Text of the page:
One can’t diminish the value of customer relations in business, nor dismiss the success and understanding some companies have achieved by absolutely knowing their customers and their markets. Some of these businesses benefit by being able to more tactically spend marketing dollars, and more quickly anticipate and overcome challenges. They also benefit by creating impenetrable brand loyalty, where their consumers become their advocates, and trendy buzz words like word of mouth and viral marketing start becoming real and effective. As we all know, as soon as consumers become marketers for a company, growth has the opportunity to become exponential.
WestJet Airlines is a good example of a business that has succeeded in consumer relations. In a recent effort to change a flight, I was put on hold for approximately 48 minutes; no doubt due to the fiasco that has become their new back-end booking system, Sabre. The lengthy wait times that frequently dominate WestJet’s customer service department these days are a polar opposite of the quality driven airline enterprise that people have grown to love and trust in every year prior.
My 48-minute wait was not only uncomfortable in its essence, but it was augmented by the fact that I absolutely needed to make the flight change right away (and that while on hold, only three songs were played, on perpetual repeat). No doubt everyone waiting on the phone before me and those afterwards were in the same boat and feeling the same stress. I considered, while holding, that we as consumers had perhaps finally reached a lexicon with WestJet, where the company had grown to such a size or significance that the days of sheer quality and small-business-minded operations were coming to an end. Because of the importance of this new software, which apparently allows them to integrate into other airlines’ booking systems (think near-future partnerships and co-operative connections for global travel), I feared we were witnessing a shift away from a consumer focus in place of corporate interests: growth and efficiency.
But I was surprised after finally getting through. The Super Sales Agent was calm, proactive and sympathetic. She related to my needs, explained why I was on hold for so long, and why she’d need me to wait ten minutes longer to complete my relatively simple request. She offered to call me back so I didn’t need to wait on hold again. She called back about 20 minutes later, really, but said she’d completed my request and was not going to charge me for the difference in price ($10) nor the usually non-negotiable flight change fee of $50. What a nice treat.
Were I dealing with other businesses, 48 minutes on hold would be perhaps nothing out of the ordinary, and is a charge we as consumers accept simply because we’ve committed to doing business with them. Similarly, we don’t often get a break on fees because we’re stuck in the relationship. What other choice do we have? But in the case of WestJet, they’ve created a business around knowing and exceeding the requirements and expectations of their customers, and take extra steps to ensure satisfaction. Somehow they knew that by comping me on a change fee, they would negate nearly all ill feelings I had towards my wait time. They knew they’d see that money back another time, on another flight.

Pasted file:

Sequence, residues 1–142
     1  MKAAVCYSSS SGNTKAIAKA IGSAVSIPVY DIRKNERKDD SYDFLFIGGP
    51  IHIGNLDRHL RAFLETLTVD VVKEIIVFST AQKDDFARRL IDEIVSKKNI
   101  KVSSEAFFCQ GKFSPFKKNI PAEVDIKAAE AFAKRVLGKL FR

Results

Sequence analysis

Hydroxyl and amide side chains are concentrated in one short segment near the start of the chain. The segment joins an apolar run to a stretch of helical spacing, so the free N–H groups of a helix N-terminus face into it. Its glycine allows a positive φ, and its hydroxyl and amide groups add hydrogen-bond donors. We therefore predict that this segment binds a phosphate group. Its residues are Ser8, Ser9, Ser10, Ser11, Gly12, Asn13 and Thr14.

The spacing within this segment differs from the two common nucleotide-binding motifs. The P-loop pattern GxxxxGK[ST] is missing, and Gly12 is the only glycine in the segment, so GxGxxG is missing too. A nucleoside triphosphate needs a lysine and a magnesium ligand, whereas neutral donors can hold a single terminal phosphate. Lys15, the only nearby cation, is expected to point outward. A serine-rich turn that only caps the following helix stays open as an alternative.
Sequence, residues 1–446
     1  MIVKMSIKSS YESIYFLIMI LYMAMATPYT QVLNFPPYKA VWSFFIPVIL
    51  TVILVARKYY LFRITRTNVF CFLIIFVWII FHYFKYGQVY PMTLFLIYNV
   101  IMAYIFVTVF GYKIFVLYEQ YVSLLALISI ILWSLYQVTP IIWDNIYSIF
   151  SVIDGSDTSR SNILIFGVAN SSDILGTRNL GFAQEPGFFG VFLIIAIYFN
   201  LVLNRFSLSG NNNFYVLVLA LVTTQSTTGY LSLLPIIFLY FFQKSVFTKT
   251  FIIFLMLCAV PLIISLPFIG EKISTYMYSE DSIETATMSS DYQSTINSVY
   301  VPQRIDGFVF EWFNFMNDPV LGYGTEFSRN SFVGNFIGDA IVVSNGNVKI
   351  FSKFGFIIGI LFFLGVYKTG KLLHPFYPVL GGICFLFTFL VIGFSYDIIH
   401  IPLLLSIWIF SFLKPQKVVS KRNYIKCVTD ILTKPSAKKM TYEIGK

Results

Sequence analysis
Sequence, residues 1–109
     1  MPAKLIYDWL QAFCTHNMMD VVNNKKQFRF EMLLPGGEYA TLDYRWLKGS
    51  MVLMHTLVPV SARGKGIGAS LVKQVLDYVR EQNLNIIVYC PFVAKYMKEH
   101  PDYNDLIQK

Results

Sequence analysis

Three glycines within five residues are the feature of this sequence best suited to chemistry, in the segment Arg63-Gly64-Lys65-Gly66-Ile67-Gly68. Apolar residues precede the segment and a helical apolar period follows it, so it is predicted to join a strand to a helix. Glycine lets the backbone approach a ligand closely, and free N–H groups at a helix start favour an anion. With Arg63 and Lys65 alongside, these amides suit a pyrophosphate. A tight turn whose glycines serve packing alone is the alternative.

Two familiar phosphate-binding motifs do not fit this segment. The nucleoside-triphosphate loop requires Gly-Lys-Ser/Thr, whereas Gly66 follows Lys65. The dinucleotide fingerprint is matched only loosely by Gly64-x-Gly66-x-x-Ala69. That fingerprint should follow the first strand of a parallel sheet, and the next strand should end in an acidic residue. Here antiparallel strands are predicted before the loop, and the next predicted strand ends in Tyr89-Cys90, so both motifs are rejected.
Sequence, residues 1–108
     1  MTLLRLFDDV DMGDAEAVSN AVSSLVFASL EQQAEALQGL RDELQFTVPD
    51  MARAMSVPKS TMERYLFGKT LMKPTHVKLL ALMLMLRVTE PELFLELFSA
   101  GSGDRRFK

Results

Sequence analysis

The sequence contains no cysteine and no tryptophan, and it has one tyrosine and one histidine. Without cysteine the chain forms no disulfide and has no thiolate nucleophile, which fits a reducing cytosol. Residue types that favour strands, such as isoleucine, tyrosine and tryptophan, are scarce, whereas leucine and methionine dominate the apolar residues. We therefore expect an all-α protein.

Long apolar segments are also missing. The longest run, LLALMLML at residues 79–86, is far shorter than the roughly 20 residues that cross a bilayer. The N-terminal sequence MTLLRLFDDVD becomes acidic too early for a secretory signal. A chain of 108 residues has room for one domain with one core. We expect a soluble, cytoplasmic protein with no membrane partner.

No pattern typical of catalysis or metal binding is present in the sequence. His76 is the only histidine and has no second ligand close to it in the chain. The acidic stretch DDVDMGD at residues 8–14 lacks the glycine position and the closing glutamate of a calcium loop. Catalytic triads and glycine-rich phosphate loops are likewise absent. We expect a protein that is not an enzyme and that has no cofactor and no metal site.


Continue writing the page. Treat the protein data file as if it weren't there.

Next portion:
While this is merely one example, the focus on the customer is endemic within WestJet. It’s part of their philosophy. WestJet must be applauded for intently ‘knowing’ their customers so well – understanding their customers’ needs, knowing when they’re not being met, and acting quickly to make amends. Knowing your customer, investing in service and deciding to make good are not simple decisions or tasks. It takes humility to proactively forego flight change penalties, because those are easy revenue for airlines, and while welcomed, this treatment is not expected amongst consumers. Speaking from experience, determining who your audience is in the first place, let alone their preferences, tendencies and levels of satisfaction, is extremely challenging. Otherwise I suspect you’d see every business operating in this rhythm, because it breeds loyalty, return customers and word of mouth.
Deciding to be consumer-focused is truly a paradigm within a business plan. It is an enormous investment and a decision that is made in lieu or instead of shotgun or carpet bomb marketing. Many businesses see wholesome consumer relations as being extraneous spending and investment, and thus research and commitment to the extent that WestJet has employed would seem almost wasteful. But going down that road pays significant dividends in the long run, and only now is it so plainly obvious that they’ve succeeded in ways their competitors never will.
It seems kind of silly in retrospect, but from a operations and revenue perspective, investing in figuring out your audience is perhaps the best money one can spend in marketing and PR. Think about it. If you can precisely know who your audience is, and furthermore what they want, what they need, what their tolerance level is for dissatisfaction, and how to appease them, the remainder of your communications, marketing, advertising and PR can be so much more focused and made so much more efficient. And the impact of lost revenue when an crisis is faced is minimized. Remember, every challenge presents an opportunity, and every cliff affords a view.